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Jazz Articles about Rachel Musson

2
Album Review

Moss Freed / Union Division: Micromotives

Read "Micromotives" reviewed by John Sharpe


A question any composer for improvisers must face is whether they can create something more worthwhile than what they might come up with if left to themselves. It can be a tough call. For some, such as Alexander von Schlippenbach's Globe Unity Orchestra or Peter Brötzmann's Chicago Tentet, the ultimate conclusion was no, while for others such as Anthony Braxton and Barry Guy the answer has been far less clear cut. British guitarist Moss Freed falls somewhere between the two ...

6
Album Review

Rachel Musson: Dreamsing

Read "Dreamsing" reviewed by John Sharpe


If the solo album is a rite of passage for a woodwind player, then adventurous British saxophonist Rachel Musson passes with flying colors. Musson has found a mentor in 577 Records label boss Federico Ughi, a collaborator during his sojourn in London in the early 2000s. Consequently, the imprint has issued a stream of strong releases showcasing her talents, including Shifa -Live At Cafe Oto (2019) and Shifa -Live In Oslo (2020) with the titular collective completed by pianist Pat ...

2
Album Review

Alexander Hawkins: Togetherness Music (For Sixteen Musicians)

Read "Togetherness Music (For Sixteen Musicians)" reviewed by Giuseppe Segala


Con questo lavoro, Alexander Hawkins aggiunge una tessera significativa al proprio originale percorso artistico, qui in particolare nella dialettica tra improvvisazione e musica scritta, dimostrando una maturazione consapevole e in costante sviluppo. Attento, curioso, audace, guidato da un sicuro istinto e da lucidità progettuale, il pianista di Oxford rappresenta la punta di diamante della propria generazione, quella sulla soglia dei quarant'anni. Il suo itinerario e la sua personalità sono in grado di confrontarsi e interagire efficacemente con i grandi protagonisti ...

8
Album Review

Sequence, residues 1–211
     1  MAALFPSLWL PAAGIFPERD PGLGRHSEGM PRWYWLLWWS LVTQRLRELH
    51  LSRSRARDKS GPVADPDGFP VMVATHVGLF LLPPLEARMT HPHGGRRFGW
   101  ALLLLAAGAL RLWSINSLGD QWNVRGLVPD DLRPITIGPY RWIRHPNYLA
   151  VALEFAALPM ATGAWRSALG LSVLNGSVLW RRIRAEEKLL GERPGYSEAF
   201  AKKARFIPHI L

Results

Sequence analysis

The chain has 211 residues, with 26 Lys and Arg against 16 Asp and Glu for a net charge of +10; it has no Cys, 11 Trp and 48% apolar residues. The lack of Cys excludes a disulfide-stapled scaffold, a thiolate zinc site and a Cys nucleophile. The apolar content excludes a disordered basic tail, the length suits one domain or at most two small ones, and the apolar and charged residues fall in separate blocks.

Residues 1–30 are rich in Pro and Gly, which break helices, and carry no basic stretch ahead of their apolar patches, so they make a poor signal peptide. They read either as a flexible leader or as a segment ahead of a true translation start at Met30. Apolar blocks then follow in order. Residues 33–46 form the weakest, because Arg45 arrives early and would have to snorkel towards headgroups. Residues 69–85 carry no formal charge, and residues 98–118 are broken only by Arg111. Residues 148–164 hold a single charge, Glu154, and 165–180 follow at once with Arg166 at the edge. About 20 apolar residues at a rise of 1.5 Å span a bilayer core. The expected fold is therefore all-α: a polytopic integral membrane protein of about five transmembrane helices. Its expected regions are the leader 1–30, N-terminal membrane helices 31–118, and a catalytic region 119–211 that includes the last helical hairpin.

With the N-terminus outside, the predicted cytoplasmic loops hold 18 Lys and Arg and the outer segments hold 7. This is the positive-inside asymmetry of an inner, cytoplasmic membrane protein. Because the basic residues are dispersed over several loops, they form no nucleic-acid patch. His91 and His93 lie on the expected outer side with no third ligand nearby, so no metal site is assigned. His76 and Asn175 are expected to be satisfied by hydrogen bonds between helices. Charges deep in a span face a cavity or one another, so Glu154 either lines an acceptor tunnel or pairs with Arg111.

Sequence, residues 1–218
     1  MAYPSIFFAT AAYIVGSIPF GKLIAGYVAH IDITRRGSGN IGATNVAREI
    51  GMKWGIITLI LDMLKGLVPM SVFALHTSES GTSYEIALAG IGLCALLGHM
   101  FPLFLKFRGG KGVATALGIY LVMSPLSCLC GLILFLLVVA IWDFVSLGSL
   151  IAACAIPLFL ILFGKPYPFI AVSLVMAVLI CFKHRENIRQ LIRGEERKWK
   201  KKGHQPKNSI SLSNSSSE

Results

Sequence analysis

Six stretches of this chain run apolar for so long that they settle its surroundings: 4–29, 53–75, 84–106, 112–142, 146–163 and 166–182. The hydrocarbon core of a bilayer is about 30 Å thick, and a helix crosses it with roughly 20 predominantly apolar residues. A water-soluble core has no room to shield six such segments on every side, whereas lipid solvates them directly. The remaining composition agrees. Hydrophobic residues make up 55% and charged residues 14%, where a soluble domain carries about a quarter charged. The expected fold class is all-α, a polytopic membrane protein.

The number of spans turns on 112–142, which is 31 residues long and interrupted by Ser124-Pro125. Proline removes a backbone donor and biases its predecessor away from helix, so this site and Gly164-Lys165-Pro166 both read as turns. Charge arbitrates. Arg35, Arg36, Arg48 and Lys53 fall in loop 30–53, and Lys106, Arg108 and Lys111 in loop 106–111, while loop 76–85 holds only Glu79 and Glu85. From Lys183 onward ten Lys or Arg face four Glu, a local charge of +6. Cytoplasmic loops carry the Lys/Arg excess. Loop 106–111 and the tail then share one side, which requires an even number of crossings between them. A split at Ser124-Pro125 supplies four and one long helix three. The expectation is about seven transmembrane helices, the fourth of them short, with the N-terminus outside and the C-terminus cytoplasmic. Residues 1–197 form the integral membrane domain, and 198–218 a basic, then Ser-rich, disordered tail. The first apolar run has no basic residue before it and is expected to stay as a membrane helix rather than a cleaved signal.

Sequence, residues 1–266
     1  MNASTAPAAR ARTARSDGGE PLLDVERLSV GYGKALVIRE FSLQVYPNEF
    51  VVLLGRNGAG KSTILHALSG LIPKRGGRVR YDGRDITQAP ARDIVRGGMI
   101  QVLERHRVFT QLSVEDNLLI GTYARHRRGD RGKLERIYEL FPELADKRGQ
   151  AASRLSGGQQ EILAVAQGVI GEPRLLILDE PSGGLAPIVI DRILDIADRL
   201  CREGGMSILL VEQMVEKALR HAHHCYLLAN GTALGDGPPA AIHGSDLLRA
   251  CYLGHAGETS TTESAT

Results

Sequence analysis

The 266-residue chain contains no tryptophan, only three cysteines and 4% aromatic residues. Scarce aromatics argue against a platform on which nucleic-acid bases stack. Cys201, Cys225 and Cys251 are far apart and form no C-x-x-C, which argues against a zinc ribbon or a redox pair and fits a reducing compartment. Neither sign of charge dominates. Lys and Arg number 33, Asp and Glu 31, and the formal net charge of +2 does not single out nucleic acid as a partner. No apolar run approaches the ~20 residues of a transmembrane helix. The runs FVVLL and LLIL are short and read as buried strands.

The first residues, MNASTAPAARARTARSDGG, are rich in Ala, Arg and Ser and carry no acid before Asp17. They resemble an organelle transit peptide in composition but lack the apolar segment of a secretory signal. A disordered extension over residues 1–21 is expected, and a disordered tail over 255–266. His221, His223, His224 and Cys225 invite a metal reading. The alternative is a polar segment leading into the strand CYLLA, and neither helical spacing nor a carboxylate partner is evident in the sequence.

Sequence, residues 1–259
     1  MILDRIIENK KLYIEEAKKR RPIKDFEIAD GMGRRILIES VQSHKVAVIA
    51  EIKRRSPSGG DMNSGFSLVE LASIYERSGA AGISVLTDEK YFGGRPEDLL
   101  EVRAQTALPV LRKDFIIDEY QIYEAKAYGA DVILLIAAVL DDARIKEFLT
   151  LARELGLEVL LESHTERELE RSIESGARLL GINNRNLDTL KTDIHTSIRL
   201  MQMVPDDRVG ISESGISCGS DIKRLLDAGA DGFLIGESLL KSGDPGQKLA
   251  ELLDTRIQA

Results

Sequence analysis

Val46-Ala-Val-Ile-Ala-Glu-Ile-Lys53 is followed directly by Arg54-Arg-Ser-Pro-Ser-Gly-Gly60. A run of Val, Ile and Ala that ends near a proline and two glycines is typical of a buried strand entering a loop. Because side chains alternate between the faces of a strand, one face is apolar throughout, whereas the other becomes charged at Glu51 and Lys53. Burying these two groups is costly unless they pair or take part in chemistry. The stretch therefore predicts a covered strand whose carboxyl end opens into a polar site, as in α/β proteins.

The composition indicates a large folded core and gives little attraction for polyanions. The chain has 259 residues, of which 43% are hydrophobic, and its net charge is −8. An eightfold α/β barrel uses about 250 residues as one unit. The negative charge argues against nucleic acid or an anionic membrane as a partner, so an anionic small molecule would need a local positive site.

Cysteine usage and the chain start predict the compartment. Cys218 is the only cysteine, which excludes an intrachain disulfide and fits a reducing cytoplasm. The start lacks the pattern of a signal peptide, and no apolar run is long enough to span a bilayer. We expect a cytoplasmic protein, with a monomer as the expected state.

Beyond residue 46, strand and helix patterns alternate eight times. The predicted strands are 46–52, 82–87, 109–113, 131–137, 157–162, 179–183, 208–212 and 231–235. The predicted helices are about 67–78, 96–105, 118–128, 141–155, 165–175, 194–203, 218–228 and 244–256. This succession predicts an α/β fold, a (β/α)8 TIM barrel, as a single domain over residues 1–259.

Alexander Hawkins Feat. Evan Parker + Riot Ensemble: Togetherness Music (For Sixteen Musicians)

Read "Togetherness Music (For Sixteen Musicians)" reviewed by Mark Corroto


It is obvious from the outset that this is a significant recording. Evan Parker launches into his trademark soprano saxophone circular breathing, setting the stage for things to come. An exemplar of all things free improvisation, his virtuosity never fails to amaze. Although Parker is the marquee soloist here, the composer and organizer of this session, Alexander Hawkins, created the six movements of this suite to pioneer an intersection between free improvisation and contemporary chamber music. Certainly not an easy ...

3
Album Review

Rachel Musson: I Went This Way

Read "I Went This Way" reviewed by Mike Jurkovic


Let's agree that, by a consensus of one, Debbie Sanders recital of saxophonist Rachel Musson's thought-through and through-read play-by- metaphoric-play/lecture on improvisation gets annoying as all hell so quickly that one may find oneself searching madly for a bonus instrumental version. But the music on saxophonist Musson's I Went This Way is an ambitious, teasingly ambiguous album, all shift, riddle, and hijinks. And that's a really good thing because it takes a lot for anyone to be so sure of ...

3
Album Review

Shifa: Live in Oslo

Read "Live in Oslo" reviewed by Mike Jurkovic


A spectrum of subversive, seemingly sinister ambitions erupt upon entering the very vigorous other-world proposed on Live In Oslo, a true mind-meld of London's free-jazz highest order, led by saxophonist Rachel Musson, pianist Pat Thomas and drummer Mark Sanders known collectively as Shifa. Recorded at Oslo's Blow Out Festival in August 2019, the trio finds no trouble breaking space to its atomic bits and telling time to take a holiday, setting apace a restless, anxious investigation into the ...

6
Album Review

Musson - Noble - Sanders: Tatterdemalion

Read "Tatterdemalion" reviewed by Glenn Astarita


Tatterdemalion: the album title refers to someone who wears tattered clothing, a simile that may parallel the unadorned and rather raucous proceedings enacted by this trio's thoroughly “free" approach to jazz improvisation. You won't find pieces that intimate a sea of tranquility. It's more about an in-your-face type workout featuring saxophonist Rachel Musson's hardcore expressionism. However, veteran improvisers, keyboardist Liam Noble and drummer Mark Sanders, oblige Musson's rambunctious and serrated lines with contrapuntal responses and guileful treatments on this wildly ...


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